• Credit card customers they classify as “revolvers”. If you don’t always pay the full amount on your credit card bill but are never late, you are actually the more attractive customer than he who pays everything in full each month. You bring in more income to the company, therefore, you are more desirable to them.

The more solicitations you receive in your mailbox means it is now easier for you to open an account without your credit score taking too many hits. You don’t have to send out a lot of credit card applications just to get one approval.

Pre-Approved Credit Card Offers - How Does It Work
Pre approval doesn't mean you are approved

How Does Issuers Pre Approval Tools Work?

Credit card companies' pre-approval tools work by using algorithms to determine if a person is likely to be approved for a credit card based on the information they provide. 

Most issuers provide it and every one has its own criteria and requirements:

  • American Express: American Express launched a test pre-approval program just last year that enables users to find out if they are approved for a certain card without worrying about the query damaging their credit score.
  • Bank Of America: You must select the “Credit Cards” link at the top of the page when you go to the Bank of America website. When you land on the credit card page, a pre-approval box ought to be shown on the right side of the display. You will be given the option to check out customized offers.
  • Capital One: Checking your credit score, compiling the required evidence, submitting a pre-approval application, waiting for a response, and studying the offer and terms are all steps in the pre-approval process for a Capital One credit card.
  • Citi: Citi offers a number of credit cards for which you can get pre-approved, as well as a prequalification tool on its official website.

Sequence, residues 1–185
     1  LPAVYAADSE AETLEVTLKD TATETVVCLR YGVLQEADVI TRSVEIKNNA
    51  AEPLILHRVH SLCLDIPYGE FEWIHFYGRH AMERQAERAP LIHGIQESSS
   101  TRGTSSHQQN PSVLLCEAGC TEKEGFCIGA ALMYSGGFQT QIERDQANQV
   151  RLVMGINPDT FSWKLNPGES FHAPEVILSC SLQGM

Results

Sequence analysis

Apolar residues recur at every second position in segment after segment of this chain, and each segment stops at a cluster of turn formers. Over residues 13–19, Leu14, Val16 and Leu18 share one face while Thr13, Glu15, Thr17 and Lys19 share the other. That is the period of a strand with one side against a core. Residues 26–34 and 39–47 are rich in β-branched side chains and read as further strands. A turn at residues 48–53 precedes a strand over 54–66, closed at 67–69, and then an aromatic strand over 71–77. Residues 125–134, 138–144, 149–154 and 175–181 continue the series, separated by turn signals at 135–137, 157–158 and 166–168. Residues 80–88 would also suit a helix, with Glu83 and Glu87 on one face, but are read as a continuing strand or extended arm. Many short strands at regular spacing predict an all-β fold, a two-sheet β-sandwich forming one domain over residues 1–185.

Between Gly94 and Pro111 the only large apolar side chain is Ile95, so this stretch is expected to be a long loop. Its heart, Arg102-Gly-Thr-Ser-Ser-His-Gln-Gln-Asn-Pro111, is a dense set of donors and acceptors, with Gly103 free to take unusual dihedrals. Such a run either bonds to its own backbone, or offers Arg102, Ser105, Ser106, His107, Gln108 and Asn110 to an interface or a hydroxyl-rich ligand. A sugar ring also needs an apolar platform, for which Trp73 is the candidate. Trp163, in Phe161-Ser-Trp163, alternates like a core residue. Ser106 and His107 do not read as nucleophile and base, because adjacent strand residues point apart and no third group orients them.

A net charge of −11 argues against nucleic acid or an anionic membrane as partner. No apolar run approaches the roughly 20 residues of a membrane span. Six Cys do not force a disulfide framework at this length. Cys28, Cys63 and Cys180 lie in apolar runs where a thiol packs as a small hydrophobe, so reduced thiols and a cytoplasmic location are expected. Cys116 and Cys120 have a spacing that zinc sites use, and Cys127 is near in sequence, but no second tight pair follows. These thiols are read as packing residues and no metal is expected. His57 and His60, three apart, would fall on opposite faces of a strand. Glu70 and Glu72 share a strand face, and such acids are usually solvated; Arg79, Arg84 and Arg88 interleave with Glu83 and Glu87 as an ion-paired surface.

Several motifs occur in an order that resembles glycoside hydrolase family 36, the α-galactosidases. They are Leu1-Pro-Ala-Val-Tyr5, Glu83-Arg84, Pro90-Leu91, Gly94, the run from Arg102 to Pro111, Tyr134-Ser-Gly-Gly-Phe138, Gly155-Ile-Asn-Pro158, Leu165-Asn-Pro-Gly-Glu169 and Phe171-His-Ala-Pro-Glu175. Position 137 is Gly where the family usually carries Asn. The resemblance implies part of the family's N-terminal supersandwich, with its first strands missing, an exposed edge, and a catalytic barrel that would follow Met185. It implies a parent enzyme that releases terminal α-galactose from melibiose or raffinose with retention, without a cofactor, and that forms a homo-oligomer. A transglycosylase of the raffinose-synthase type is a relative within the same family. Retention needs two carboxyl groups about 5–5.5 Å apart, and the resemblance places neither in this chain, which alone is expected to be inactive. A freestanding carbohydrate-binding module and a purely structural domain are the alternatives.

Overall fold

• Chase: Checking the cards you qualify for on the Chase website can get you pre-approved for a Chase credit card. You just need to input your name, address, and the last four digits of your social security number in order to do this. The website will next check to see whether there are any cards for which you are pre-approved before you click “Find My Offers.”

Getting Pre Approved For Different Terms Is Common

Don’t find it strange if the credit card they finally approve for you will have different terms and conditions than what they originally offered.

The card’s APR is the interest rate you will pay if you carry an outstanding balance from billing cycle to billing cycle. The higher the APR, the more expensive will be the card for you if you carry a balance.

Although credit cards will entice you with an attractive APR offer, the final rate they will give you will still depend on your credit history and credit score.

Once the bank approves your application, go through the terms and conditions and be sure to understand your APR and other charges that may come related to the account. If you pay off your balance every month and not carry anything over to the next cycle, you will not pay interest on the credit card. However, the card company will still compel you to pay other costs and charges such as an annual fee or cash advance fee.

How Do I Stop Getting Pre Approved Credit Card Offers?

 

If you ultimately decide that you don’t want to receive pre-approved offers (or what they call pre-screened offers through email), the FCRA gives you the choice to “opt-out” – meaning you prefer not to receive these types of offers anymore. Opting out will not disqualify you from applying for credit or insurance later. You can do this online, by phone, or by mail.